Published/updated: February 2015
By Tony Lock
Given how important the company’s data is and the ever more stringent nature of the data protection regulations, it’s always good to keep an eye out for simple steps to improve data security that don’t require huge amounts of IT time and budget. I was reminded of one of these recently during a briefing with a vendor that I hadn’t talked to in a long time.
But before getting onto that, let’s lay out some context.
A significant challenge is that many of your users likely have no idea just what data protection requirements they should follow. After all, an accurate knowledge of the legislation and regulations that apply is a black art typically known in detail only by lawyers. And even they make profitable business by arguing about those ‘details’.
Even if users have some high level awareness of widely publicised regulations such as the Data Protection Act, the chances are they couldn’t tell you with any degree of confidence what classifies as ‘personal data’ or ‘sensitive data’. Frankly, it’s a matter no one thinks about until something goes wrong, and then it’s almost certainly you the IT Professional, not the user, who is going to get the blame for not putting adequate policies and protection measures in place.
Take a simple example. Just think about the data that your users have on their screens all day when they are in the office. Is some of it covered by laws and regulations? Yes. Can anyone see what is on a screen? Unless you are in a very heavily regulated and security sensitive business the answer is again almost certainly ‘Yes’.
For most of your users this may not be an issue for most of the time, but if someone is using a machine in an area where visitors pass by, there could be an exposure. Equally if they work on HR or other staff-sensitive matters you probably don’t want even another member of staff to be able to see what’s on their screen.
But what’s showing on the screens in the office may not be the biggest potential data leakage / security / privacy challenge you face. Do some of your staff fire up their laptops, tablets and smartphones during external conferences or meetings with clients, partners and customers? Yes. Do they work on the train or plane or in the airport or coffee shop? More than likely.
I can’t remember how many times I have had someone sit next to me while travelling, even on a short haul plane flight or train journey, and fire up their laptop or tablet. Some of them then proceed to work on files that I really shouldn’t be able to see. On several occasions I have had a passenger sit next to me and start working on data in an area in which I specialise. Not clever from a business point of view and possibly breaking the law as well.
One simple and effective way to reduce the threat of outsiders getting a look at your organisation’s sensitive data is to fix some form of privacy filter to the screen of laptops and smartphones. With such a filter in place, the screen can only be read if you are looking at it head on – a few degrees to the left or right and it is essentially blacked out. This basically prevents anyone looking over your shoulder, e.g. from the seat next to you, being able to see what you are working on.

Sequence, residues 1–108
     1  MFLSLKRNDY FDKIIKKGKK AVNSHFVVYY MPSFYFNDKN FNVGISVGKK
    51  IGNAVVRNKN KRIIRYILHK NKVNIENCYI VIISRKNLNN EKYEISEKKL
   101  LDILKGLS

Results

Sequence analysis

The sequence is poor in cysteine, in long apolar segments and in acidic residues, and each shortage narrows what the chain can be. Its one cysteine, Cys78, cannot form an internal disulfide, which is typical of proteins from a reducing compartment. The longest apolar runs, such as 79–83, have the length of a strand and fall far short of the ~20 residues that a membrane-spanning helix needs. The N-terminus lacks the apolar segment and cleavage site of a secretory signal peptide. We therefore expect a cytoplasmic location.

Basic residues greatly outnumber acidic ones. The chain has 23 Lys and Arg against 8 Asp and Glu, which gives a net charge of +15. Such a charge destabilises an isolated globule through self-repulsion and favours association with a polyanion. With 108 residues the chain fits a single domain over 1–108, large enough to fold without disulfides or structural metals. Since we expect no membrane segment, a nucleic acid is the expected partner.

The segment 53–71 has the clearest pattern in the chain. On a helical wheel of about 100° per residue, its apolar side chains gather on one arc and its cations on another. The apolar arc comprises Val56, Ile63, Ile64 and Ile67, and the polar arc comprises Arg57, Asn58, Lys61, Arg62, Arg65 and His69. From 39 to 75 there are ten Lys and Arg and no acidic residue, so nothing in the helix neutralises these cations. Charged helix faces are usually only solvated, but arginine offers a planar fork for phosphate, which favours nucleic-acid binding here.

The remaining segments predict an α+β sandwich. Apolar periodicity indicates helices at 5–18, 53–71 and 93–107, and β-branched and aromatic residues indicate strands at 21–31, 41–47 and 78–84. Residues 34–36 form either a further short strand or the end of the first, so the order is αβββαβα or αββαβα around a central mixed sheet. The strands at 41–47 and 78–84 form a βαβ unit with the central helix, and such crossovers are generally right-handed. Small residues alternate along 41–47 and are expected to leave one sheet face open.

So why do so few do this?
Well some are not aware that these solutions exist, and others take a cursory look and conclude they are gimmicks or a complement to the tin-foil hat for the more paranoid among us. Another challenge has been the experiences users have had of filters used in the past. You may have had to put up with the hassle of continuously messing around with the unsightly sticky tabs that hold the filter to the screen and degrade over time. You might have used one of the early filters that darkened the screen and made it too difficult to read for even the user.
Today the technology has advanced a long way, as indeed have screen displays themselves, so it might be worthwhile taking a look to see if modern privacy filters could work in your environment. After all, the potential fines your organisation might face for any breach of data protection could now be significant. Never mind the potential for bad publicity or other business loss. The investment to put privacy filters on at least some of the devices your people use outside the office might now make sense.
By Richard Edwards
By Dale Vile
By Bryan Betts and Dale Vile
Yesterdays software delivery processes are not up to dealing with today’s demands, but modernising you approach is not just about implementing Agile, even creating a DevOps culture. You need to focus on some specific, hard-core principles. ...more
By Dale Vile & Jack Vile
Cloud services are increasingly becoming part of the IT delivery mix, but a recent study of 378 senior IT professionals suggests a parallel commitment to ongoing investment in the datacentre. This in turn shines a light on the key role of modern application platforms. ...more
By Tony Lock & Dale Vile
Despite the advent to cloud computing the datacentre remains central to corporate IT. But with demands continuing to escalate, how do you ensure your infrastructure is powered robustly and efficiently? ...more
By Bryan Betts
Many are exploiting cloud computing to drive business advantage, while others are enjoying the flexibility and efficiency of DevOps. But what happens if you use both together in a coordinated manner? The answer is a significant amplification of the benefits of each. ...more